As the summer moves on, so the diversity and numbers of moths (Lepidoptera) active each night grows. We’re coming to the end of the first week of July and already one night’s haul has passed 200 specimens of 40 different species, logged, identified, and the interesting and ones new to the garden photographed.
160+ moths of more than 30 species were drawn to the actinic light of the scientific moth trap on the night of 5th July. I had heard and possibly seen an Old Lady (Mormo maura) in the garden a few night’s ago, but this morning she was nestled in one of the egg trays in the trap awaiting her photo call. This species is large (30mm along the edge of the forewing). Far bigger than the many micros that I didn’t log in detail. You can see the morning logs for the leps here.
The Old Lady, also known as a Black Underwing, and in an earlier time, the Grave Brocade, was accompanied by two Privet Hawk-moths (the UK’s largest species of moth) and a single Elephant Hawk-moth both of which I’ve photographed and written about here previously. The Old Lady is not commonly drawn to light according to the UK Moths site, although my Collins lep guide says they will often come indoors attracted by the light. Regardless, this one definitely was drawn to the light and settled in for the night. It had a chunk missing from its left forewing, so I did a little ‘shopping to tidy her up.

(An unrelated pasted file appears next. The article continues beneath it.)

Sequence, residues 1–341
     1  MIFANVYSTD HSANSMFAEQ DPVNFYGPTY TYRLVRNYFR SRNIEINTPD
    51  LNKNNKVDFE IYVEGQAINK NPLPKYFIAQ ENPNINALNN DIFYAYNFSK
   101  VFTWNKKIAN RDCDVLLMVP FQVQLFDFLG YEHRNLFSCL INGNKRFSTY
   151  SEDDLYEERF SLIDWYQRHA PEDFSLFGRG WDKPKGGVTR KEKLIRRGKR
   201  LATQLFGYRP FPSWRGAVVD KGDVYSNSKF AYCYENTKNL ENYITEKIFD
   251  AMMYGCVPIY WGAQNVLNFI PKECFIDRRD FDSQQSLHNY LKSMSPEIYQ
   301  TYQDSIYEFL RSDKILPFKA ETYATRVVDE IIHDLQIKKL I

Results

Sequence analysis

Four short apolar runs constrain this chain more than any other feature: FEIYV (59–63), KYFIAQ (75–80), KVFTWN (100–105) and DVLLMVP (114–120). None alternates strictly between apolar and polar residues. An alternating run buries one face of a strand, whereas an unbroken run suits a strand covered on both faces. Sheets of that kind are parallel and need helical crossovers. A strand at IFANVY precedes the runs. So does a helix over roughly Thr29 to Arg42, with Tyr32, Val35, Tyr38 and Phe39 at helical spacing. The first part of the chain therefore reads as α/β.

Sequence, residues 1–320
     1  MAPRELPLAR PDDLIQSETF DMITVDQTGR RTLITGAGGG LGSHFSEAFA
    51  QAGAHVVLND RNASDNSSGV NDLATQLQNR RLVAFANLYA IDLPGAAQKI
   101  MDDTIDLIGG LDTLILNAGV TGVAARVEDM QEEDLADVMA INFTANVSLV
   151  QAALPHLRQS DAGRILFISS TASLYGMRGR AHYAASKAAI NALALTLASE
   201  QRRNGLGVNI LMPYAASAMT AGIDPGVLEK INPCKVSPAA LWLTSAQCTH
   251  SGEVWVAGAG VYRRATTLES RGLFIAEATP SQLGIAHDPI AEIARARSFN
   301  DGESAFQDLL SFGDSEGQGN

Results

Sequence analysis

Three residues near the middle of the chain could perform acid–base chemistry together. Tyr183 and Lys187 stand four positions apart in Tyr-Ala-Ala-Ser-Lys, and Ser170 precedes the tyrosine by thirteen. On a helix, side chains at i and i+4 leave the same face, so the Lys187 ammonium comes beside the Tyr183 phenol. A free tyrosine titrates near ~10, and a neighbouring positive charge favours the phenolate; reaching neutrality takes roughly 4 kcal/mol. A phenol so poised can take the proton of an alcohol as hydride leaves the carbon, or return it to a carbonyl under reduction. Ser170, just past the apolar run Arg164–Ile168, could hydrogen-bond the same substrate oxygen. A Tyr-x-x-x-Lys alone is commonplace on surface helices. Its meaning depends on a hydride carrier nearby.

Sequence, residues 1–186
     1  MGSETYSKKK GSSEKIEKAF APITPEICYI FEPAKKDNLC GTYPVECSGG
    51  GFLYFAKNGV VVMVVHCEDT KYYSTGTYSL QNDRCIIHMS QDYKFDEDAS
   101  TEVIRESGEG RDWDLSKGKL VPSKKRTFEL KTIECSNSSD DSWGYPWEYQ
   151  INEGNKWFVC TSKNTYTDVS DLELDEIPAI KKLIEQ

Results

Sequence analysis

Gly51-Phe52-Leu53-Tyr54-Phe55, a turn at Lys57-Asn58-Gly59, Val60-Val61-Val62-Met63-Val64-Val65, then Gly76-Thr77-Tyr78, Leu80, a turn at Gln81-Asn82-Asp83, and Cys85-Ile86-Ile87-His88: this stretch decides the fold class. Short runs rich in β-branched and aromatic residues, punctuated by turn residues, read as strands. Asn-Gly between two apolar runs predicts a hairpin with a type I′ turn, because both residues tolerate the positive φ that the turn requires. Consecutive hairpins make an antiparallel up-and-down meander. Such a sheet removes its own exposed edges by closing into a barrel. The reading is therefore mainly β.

Why is this noctuid, or owlet, moth, called Old Lady, you are probably asking? Well, the sombre answer is that the dark and funereal colours of this moth reminded those who named it of the penchant of elderly widows of Europe for wearing black. This was long before the Victorian era though.
The delicate patterning of the moth’s wings, according to Peter Marren in his book of moth names, Emperors, Admirals, and Chimney Sweepers, resembles that kind of black lace. Intriguingly, adds Marren, the scientific name – Mormo maura – The first part of the name is the name of a hideous she-monster used by Greek parents, apparently, to encourage errant children to behave. “Mormo will come and bite you, if you don’t behave! The second part of the name alludes to the Moors. In Holland, the Old Lady, Marren tells us, becomes a black orphan – Zwart weeskind.